-  Greater disclosure will be required of strata managers. Unlike Progressive Strata who provide a letter which is uploaded to the website (along with a copy of the proposed policy renewal) the Minister has received complaints that some agents have not been disclosing their commission and so it is proposed to make this more onerous.

-  Likewise before certain decisions are made, Executive Committee members will also have to disclose any conflicts of interest.

-  Scheme’s will be able to lease additional common property on a temporary basis – eg parking – should the need arise during building works (eg residents who park under a building may need to relocate to allow scaffolding around the property to be erected during repairs).

-  Significant consideration is being given to smoking, wooden floors, illegal parking and pet bylaws. The intent is for better bylaws on each of these to be available to scheme’s who wish to adopt them as the current standard ones either do not address or in-adequately provide for these issues.

-  The option to change bylaws will also come with guidance to help schemes review and update their by laws

-  Greater involvement by tenants is planned. With more opportunities for tenants to attend meetings of the Owners Corporation where they reside, and even have a non-voting representative on the committee? The current intent is to restrict tenants from being involved in decisions relating to finance.

Whilst I know a number of people have raised concerns with me regarding this, I would like to put the following positive spin on this for you to consider. During my career I’ve seen a few schemes vote tenants onto their committee – this is without any restrictions, so they have had full voting rights. These tenants have resided at the property for up to 10 years, and have already exhibited an active interest in maintaining where they live. Another was a Managing Director of a large chain of cinemas in Australia. In the end each of these Owners Corporations felt that the person they voted on would bring their best intentions and value add, just as any owner would, they may vote onto the committee. It should be noted they must be nominated by an Owner not standing themselves, and so should that person sell then the tenant (as they are there as their substitute) loses their position on the Committee.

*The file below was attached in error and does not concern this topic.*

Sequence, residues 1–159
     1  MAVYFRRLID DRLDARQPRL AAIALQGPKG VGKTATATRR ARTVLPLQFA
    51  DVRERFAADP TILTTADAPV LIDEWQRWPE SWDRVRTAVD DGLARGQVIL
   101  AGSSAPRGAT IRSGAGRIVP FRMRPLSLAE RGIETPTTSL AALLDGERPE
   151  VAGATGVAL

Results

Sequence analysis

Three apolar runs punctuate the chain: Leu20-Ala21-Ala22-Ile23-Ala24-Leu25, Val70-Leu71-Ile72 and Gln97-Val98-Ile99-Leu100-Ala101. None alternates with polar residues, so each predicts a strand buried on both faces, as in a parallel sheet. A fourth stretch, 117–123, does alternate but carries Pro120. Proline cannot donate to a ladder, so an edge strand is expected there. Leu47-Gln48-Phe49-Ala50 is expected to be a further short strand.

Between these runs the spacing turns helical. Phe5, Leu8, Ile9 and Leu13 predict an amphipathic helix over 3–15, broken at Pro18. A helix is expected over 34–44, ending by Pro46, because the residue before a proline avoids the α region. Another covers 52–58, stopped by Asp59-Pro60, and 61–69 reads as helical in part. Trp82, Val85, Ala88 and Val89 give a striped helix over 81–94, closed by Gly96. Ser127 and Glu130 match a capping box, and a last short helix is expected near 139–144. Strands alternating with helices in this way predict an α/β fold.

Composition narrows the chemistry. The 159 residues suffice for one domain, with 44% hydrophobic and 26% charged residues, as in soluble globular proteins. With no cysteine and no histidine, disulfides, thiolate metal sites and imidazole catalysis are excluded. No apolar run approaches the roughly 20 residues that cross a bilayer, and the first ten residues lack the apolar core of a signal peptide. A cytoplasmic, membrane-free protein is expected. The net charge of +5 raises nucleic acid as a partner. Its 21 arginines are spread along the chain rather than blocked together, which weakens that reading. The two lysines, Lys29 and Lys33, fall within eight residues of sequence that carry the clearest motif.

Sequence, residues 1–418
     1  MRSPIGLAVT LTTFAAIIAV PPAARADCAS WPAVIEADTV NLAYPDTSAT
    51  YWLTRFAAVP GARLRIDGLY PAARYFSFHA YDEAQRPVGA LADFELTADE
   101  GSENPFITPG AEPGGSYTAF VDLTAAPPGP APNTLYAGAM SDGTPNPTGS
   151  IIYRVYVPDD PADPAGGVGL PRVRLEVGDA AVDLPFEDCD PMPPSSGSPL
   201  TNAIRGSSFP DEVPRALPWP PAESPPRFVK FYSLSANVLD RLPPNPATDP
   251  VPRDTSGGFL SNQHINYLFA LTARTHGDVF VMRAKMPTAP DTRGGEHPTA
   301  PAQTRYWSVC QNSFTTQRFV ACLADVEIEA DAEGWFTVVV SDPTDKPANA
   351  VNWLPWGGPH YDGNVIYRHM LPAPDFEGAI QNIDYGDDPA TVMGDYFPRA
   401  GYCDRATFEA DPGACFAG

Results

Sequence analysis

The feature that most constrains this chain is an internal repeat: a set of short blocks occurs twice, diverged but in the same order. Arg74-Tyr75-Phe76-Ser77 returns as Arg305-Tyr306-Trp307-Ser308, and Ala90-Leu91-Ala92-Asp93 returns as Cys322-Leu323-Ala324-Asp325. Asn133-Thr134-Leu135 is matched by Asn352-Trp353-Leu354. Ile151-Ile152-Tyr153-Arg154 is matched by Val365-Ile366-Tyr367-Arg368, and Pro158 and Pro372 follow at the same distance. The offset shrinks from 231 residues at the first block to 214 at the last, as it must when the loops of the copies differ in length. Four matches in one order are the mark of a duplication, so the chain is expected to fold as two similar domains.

As Robert Goodall, Chairman of Signature Apartments, a scheme of 103 lots in Redfern - which won the Strata Scheme of the Year Award in 2012 for their community mindedness stated to the Sydney Morning Herald in November 2013, ‘’A tenant should feel comfortable in the building and feel that it’s their home too, then they’ll be there for the longer term and are more likely to look after the unit and the building.’’

‘’That makes a more pleasant living environment for everyone; you won’t get a high turnover of tenants, which is good for us and for the investors, and the whole building will benefit in terms of both atmosphere and value.’’

So as it gets harder to get owners to commit their time to being on the committee I hope more scheme’s will consider the benefits of voting on long term tenants, who have the best interests of your scheme at heart and can spend some time easing the load of performing the duties of the committee – such as meeting contractors to provide quotations for the group to vote on.

If you are interested in reading the whole of the Minister’s speech at the SCA conference 2013, please visit us at and see the Newsletters tab, under Newsletter 13 we have attached a link to the full oration. Similarly if you wish to read more of Robert Goodall’s comments to the Sydney Morning Herald, this article can likewise be found under newsletter 13 on our website.

If you know family or friends who are un-happy with their strata management company, please feel free to refer them to me.